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Hawk's Eye View: Roger Hyman '96

Roger at the Like No Other Gala

July 12, 2022 | Jessica Shafer '25

Roger Hyman ’96 is an energetic UNCW alum and the school’s new African American Graduate Association (AAGA) president. His term began July 1 and will last until the end of the 2024 academic year. Beyond his role as president, he works as a licensed mental health counselor at a private practice and is the clinical health director for Beautiful Minds Behavioral Health Services, where he makes sure therapists are supplying effective counseling while staying within state and federal guidelines and regulations.

In this latest Hawk's Eye View, Hyman recently caught up with the UNCW Alumni Association to share what his experience was like at UNCW, his life as an alumnus and his plans for AAGA over the next two years.

What led you to UNCW while researching universities?

Well, UNCW wasn’t really on my radar. I was looking at NC State. I looked at ECU. I looked at Moorehouse College. But I ended up driving down one weekend with my parents, and that was it.

How would you summarize your overall experience at UNCW?

It was nothing less than amazing. I got a B.A. in mathematics, so Bear Hall was where I spent most of my time. The teachers were so helpful. I made friends there I’ve had for 30 years. We still stay in contact and see each other. Individuals who were my friends really became my family.

Roger Hyman '04

"UNCW just continues to astound me."
-Roger Hyman '96

How were you involved on campus as a student?

I was involved in student government. I was class president my freshman and sophomore year and went on to be the Student Government Vice President when I was a junior.

I was, and am, a member of the Kappa Alpha Psi fraternity. I was a resident advisor at Graham Hall, and always involved on campus. I was a student orientation leader my sophomore year and then my junior and senior year I was a junior director for the orientation leaders. I had fun.

What was your favorite event to attend as a student and now as an alumnus?

When I was a student, I was so looking forward to orientation day. Those were the kind of events I loved the most. Now as an alumnus I eat, breathe, sleep, and live for Homecoming. It gives you the opportunity to reconnect with your classmates who you may not see all year. It gives you a chance to reconnect with the faculty and see how the university continues to grow by leaps and bounds. Every time you come back, it’s a new building, a new program, a new major. UNCW just continues to astound me.

Was there a particular member of staff who made a large impact on you?

Absolutely. For me it was Ralph Parker. He used to be the Director of Minority Affairs, and he kept me on track. If you ever needed anyone to talk to, he was a shoulder to lean on. As well as my advisor, Dr. Gabriel Lugo in the mathematics department. Those two individuals kept me grounded and focused. If I needed someone to talk to, either one of those individuals was always there for me.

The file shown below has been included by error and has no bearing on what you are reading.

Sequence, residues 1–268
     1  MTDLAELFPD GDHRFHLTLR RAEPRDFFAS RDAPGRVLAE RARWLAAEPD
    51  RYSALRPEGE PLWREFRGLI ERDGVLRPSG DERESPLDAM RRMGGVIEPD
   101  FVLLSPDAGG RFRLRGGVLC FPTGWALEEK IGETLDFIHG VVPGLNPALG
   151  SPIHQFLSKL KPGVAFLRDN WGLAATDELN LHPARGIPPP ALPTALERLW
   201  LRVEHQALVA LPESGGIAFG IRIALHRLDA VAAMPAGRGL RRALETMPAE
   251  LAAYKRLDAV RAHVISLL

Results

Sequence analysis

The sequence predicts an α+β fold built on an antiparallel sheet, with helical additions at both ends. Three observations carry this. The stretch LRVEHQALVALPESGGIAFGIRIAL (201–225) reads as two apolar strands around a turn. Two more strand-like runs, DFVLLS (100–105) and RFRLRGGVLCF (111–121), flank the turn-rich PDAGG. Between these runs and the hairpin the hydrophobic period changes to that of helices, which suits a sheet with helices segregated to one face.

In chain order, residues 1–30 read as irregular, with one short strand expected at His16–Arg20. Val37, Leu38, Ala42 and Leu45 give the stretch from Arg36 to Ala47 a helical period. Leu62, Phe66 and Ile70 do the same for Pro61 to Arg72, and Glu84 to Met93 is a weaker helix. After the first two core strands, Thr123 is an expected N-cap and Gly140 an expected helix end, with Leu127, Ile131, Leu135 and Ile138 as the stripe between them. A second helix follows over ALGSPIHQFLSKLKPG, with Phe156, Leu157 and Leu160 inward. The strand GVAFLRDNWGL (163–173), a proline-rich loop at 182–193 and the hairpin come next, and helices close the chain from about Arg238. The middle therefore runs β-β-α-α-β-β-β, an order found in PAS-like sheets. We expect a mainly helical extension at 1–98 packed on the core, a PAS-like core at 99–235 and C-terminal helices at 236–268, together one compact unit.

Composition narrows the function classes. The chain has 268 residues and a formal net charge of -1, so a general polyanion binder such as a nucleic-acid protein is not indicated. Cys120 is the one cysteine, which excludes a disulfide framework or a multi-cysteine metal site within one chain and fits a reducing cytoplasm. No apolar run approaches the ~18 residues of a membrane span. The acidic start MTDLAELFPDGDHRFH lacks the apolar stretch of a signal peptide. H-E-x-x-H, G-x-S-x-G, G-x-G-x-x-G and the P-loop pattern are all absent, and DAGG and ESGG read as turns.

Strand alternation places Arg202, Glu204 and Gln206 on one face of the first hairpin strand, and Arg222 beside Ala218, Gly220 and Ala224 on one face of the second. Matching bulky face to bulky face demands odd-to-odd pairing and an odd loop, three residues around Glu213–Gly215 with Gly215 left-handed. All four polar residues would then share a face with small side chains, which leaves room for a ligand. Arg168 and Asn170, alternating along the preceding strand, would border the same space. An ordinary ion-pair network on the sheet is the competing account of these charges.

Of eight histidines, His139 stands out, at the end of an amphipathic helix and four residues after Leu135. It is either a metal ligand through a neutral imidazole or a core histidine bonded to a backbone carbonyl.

What do you plan to do during your time as AAGA President?

I really want to make sure that AAGA and the university work in tandem with one another. What we are doing mirrors the university’s mission and purpose and we’re making sure that the mission and purpose get spread to the students of color on campus. We want to work in step with the alumni office to make sure that communication is open and clear and continue to provide programming.

I’m very purposeful and intentional with what I do. I want to make sure AAGA is in a place that is recognized for doing the work of the university. I want to serve as a liaison to unite and engage, to serve as a focal point between different individuals within the university, faculty, staff, alumni, and undergrad students. To take and make those necessary connectivity points. My focus will be: what can I do to make those connections so they can foster their own. My vision of AAGA is to take and embrace the generations because my role as president is to unify AAGA. I want to bring in all the different African American students and make sure we are on the same page as far as the university’s vision and growth.

Roger Hyman '04
What does unification across the generations look like?

That involves me and the officers making sure we are actively calling, writing and giving written materials in emails or mailings to the alumni to make sure they have real-time information and to offer ways to get involved.

"If you are an African American graduate, you are AAGA. And we need your help; we can’t do it alone. We need your help to carry out the work of AAGA, and the work of UNCW."

Why is AAGA important, and what does it mean to you?

AAGA is one of the first conduits for delivering information about the university’s changes and direction the university is going. AAGA serves as a conduit to disseminate the information to students of color who have graduated from UNCW. AAGA serves as a conduit to encourage fellowship and friendship among its members, as well as celebrate African American students and alumni, and all their contributions to the university.